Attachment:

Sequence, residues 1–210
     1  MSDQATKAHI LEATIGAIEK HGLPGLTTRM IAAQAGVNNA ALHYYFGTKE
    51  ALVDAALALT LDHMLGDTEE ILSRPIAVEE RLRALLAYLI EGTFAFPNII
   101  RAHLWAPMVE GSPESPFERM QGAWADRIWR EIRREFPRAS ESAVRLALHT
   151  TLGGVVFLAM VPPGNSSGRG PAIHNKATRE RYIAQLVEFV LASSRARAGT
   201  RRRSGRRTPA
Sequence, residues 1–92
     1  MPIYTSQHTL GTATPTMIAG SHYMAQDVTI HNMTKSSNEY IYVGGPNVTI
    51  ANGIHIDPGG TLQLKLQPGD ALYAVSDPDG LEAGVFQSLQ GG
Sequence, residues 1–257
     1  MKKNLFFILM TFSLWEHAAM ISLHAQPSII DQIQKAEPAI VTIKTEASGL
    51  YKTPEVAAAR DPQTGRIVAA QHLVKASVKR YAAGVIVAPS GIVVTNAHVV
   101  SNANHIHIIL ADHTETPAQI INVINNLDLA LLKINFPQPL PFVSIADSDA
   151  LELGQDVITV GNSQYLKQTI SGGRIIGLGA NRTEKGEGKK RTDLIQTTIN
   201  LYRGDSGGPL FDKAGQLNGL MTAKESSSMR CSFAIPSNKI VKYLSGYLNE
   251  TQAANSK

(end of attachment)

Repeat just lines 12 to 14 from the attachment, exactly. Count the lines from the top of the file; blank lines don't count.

    51  YKTPEVAAAR DPQTGRIVAA QHLVKASVKR YAAGVIVAPS GIVVTNAHVV
   101  SNANHIHIIL ADHTETPAQI INVINNLDLA LLKINFPQPL PFVSIADSDA
   151  LELGQDVITV GNSQYLKQTI SGGRIIGLGA NRTEKGEGKK RTDLIQTTIN